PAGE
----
Getting Started Riding a Motorcycle - An Excerpt from a Book by Walter F. Kern
By Walter F. Kern
My First Motorcycle Book has been Released in both Paperback and Kindle Editions
Here is an Excerpt:
1. Assume Drivers Can't See You: Ride assuming that you and your motorcycle are totally invisible to motorists. That means you must never assume that drivers can see you. The odds are, they can't so believe it yourself and always have an "out" for dangerous traffic situations. Motorcycle Safety depends on you.
2. Maintain Safe Spacing: Leave plenty of space in front and back and to the sides from all other vehicles. Be an island. Stay away from traffic as much as possible. This gives you more visibility and more time to react to situations.
3. Anticipate Trouble: Anticipate trouble situations and know what to do when you see them. Analyze what vehicles are doing and try to predict the outcome. Then make sure you're ready to avoid a bad traffic situation.
4. Beware of Oncoming Left Turners: Beware of oncoming motorists turning left in front of you at intersections. This is the leading cause of death of motorcycle riders. I'm deadly serious here. I have personally lost many friends to this accident. If you only remember one tip here, let it be this one. Slow down before you enter an intersection. Have an escape route planned. Stay visible. Don't travel too close to cars in front of you. Position your bike so it can be seen by the left turner. Eye contact is not enough.
5. Ride Your Own Ride: Don't try to keep up with your friends who may be more experienced. Know your personal limits. Ride your own ride.
6. Watch Out for Curves: Beware of taking curves that you can't see around. A parked truck or a patch of sand may be awaiting you.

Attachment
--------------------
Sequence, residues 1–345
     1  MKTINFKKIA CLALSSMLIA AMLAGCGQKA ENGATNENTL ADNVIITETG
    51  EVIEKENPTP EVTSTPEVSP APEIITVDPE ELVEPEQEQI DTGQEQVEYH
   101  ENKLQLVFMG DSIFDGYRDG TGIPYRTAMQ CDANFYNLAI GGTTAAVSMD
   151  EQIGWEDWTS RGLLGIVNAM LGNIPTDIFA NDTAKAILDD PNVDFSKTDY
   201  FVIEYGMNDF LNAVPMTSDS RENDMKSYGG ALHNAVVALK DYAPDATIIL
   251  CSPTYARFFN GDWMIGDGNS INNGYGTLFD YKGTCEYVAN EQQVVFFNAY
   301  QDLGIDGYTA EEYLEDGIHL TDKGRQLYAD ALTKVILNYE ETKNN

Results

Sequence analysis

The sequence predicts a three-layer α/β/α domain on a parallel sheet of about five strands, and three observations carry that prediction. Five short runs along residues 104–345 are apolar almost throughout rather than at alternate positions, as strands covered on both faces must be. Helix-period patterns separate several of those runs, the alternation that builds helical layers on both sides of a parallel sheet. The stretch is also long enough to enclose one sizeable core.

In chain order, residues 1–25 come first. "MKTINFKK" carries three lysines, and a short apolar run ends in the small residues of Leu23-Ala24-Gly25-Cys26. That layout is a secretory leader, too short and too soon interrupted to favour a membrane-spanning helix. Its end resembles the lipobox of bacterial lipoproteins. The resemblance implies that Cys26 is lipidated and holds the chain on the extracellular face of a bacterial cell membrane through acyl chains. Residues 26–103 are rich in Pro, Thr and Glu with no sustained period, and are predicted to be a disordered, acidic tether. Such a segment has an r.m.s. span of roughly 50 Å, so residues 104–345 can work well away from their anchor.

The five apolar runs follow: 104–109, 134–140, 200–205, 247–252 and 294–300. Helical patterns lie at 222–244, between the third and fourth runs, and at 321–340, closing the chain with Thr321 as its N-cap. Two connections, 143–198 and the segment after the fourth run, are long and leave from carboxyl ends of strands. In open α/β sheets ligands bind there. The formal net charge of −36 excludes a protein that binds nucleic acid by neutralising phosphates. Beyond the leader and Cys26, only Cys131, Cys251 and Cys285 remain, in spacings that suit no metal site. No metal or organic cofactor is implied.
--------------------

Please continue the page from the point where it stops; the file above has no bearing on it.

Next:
7. Don't Give In to Road Rage: Do not give in to road rage and try to "get even" with another rider or motorist. If you follow these tips, most likely you won't fall victim to road rage. It's better to calm down, slow down, and collect your thoughts first. Then continue on and enjoy the ride. That's what we're all out there for in the first place.
8. Don't allow Tailgating: If someone is tailgating you, either speed up to open more space or pull over and let them pass. Life is too short. Remember that a bike can stop faster than a car so you don't want a truck on your tail when you find yourself trying to brake to avoid an accident. Also, don't tailgate the vehicle in front of you. Oncoming drivers can't see you.
9. Don't Be Blinded by Sun Glare: Beware of riding your motorcycle into sun glare. All it takes is turning a corner and finding the sun either directly in your face or passing straight through your windshield. Some helmets have shields to block the sun. Face shields help somewhat. But sometimes you just find yourself blinded by the light. Slow down, pull over, shield your eyes and look for a way to change direction.
10. Avoid Riding at Night: Avoid riding at night, especially late Saturday night and early Sunday when drunken drivers may be on the road. It goes without saying that you shouldn't drink and ride. Going bar hopping? Leave the bike at home and find a designated driver.
What Am I Trying To Say About Motorcycle Safety?
The best way to be safe is to take a Motorcycle Safety Foundation (MSF) course to learn the basic ways to control your motorcycle and to learn how to recognize traffic situations that you need to be ready to handle.
Always wear protective clothing and a helmet. A tiny beanie helmet held on by a thin strap and affixed with a fake DOT sticker is not enough.
Maintain your bike so it is safe too. Keep records of the intervals when you replace tires, chains, clutch cables, batteries, brakes, etc. You don't want an equipment malfunction to contribute to a motorcycle accident.
Practice riding under all kinds of traffic situations. Ride with a buddy if at all possible. Avoid riding long distances alone.
Become a member of a motorcycle forum or social network that caters to motorcyclists and read what other experienced riders have to say about how to ride safely.
I want you to become an aged motorcyclist because you know how to survive on a motorcycle. I don't want to read about you in the newspaper or on a motorcycle forum or mailing list as yet another motorcycle statistic. Learn how to be safe and responsible on a motorcycle. That's why my Website, Motorcycle Views, exists and that's why I'm writing these tips. The rest is up to you.